done it. That requires a well-thought-out communications program."
But covert information battles may backfire, others warn, or prove ineffective.
The news that the American military was buying influence was met mostly with
shrugs in Baghdad, where readers tend to be skeptical about the media. An Iraqi
daily newspaper, Azzaman, complained in an editorial that the propaganda campaign
was an American effort "to humiliate the independent national press."
Many Iraqis say that no amount of money spent on trying to mold public opinion
is likely to have much impact, given the harsh conditions under the American
While the United States does not ban the distribution of government propaganda
overseas, as it does domestically, the Government Accountability Office said
in a recent report that lack of attribution could undermine the credibility
of news videos. In finding that video news releases by the Bush administration
that appeared on American television were improper, the G.A.O. said that such
articles "are no longer purely factual" because "the essential
fact of attribution is missing."
In an article titled "War of the Words," Defense Secretary Donald
H. Rumsfeld wrote about the importance of disclosure in America's communications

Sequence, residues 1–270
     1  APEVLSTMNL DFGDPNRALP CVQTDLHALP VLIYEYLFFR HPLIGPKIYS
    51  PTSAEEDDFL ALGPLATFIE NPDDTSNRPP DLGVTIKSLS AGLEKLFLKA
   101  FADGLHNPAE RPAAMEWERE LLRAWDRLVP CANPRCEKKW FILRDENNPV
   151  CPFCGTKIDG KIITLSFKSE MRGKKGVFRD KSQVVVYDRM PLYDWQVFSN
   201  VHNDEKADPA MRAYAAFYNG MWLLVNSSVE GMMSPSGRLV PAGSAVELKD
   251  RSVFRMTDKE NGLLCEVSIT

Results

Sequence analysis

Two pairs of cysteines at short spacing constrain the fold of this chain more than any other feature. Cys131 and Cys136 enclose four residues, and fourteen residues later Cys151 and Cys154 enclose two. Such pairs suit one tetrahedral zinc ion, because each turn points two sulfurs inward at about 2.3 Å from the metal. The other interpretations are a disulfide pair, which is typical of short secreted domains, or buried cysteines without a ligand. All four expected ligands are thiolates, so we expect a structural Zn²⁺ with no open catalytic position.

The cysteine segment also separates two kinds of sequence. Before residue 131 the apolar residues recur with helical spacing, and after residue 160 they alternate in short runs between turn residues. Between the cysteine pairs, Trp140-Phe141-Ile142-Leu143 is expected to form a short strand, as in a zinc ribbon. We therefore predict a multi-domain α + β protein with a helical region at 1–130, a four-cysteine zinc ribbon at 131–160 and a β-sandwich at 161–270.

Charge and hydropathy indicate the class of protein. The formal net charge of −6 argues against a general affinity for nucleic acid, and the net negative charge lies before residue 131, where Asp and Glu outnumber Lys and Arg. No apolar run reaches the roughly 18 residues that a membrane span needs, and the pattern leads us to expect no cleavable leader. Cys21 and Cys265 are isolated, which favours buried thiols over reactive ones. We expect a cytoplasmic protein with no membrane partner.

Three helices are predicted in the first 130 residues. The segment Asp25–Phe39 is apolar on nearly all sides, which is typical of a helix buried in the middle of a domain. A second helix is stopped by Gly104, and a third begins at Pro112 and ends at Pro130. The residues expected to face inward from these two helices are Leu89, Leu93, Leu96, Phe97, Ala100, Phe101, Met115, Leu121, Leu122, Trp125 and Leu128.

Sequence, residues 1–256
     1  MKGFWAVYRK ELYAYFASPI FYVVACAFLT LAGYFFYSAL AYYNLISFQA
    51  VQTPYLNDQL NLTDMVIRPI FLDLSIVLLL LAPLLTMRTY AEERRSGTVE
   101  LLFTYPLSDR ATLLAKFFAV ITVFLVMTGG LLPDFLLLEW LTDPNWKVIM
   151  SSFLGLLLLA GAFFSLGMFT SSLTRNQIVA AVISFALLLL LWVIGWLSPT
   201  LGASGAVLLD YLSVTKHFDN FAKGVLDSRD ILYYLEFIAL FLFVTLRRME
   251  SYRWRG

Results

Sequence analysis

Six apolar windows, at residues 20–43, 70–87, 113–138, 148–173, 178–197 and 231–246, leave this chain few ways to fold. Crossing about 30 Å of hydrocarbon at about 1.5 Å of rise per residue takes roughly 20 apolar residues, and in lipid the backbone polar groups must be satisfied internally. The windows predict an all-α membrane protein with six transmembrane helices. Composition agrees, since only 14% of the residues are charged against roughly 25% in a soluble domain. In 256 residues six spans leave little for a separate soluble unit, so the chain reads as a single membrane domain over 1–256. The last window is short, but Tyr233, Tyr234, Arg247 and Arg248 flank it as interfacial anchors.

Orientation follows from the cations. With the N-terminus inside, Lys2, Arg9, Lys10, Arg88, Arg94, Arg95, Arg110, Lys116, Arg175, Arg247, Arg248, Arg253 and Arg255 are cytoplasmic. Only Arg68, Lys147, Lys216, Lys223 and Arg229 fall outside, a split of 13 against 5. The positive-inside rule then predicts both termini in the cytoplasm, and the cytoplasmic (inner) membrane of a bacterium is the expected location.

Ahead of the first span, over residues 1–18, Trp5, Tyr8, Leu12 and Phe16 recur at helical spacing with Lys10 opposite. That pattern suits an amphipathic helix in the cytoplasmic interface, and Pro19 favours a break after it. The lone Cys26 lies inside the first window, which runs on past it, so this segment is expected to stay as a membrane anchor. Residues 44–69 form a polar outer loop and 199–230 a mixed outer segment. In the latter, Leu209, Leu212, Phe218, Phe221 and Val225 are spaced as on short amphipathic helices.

in The Wall Street Journal in July. "The American system of openness works,"
he wrote. The United States must find "new and better ways to communicate
America's mission abroad," including "a healthy culture of communication
and transparency between government and public."
Afghan readers have a selection of newspapers from Peace that are produced by the American military and are affiliated with a radio station.(Doug Mills/The New York Times)
Trying to Make a Case
After the Sept. 11 attacks forced many Americans to recognize the nation's precarious
standing in the Arab world, the Bush administration decided to act to improve
the country's image and promote its values.
"We've got to do a better job of making our case," President Bush
told reporters after the attacks.
Much of the government's information machinery, including the United States
Information Agency and some C.I.A. programs, was dismantled after the cold war.
In that struggle with the Soviet Union, the information warriors benefited from
the perception that the United States was backing victims of tyrannical rule.
Many Muslims today view Washington as too close to what they characterize as
authoritarian regimes in Saudi Arabia, Egypt and elsewhere.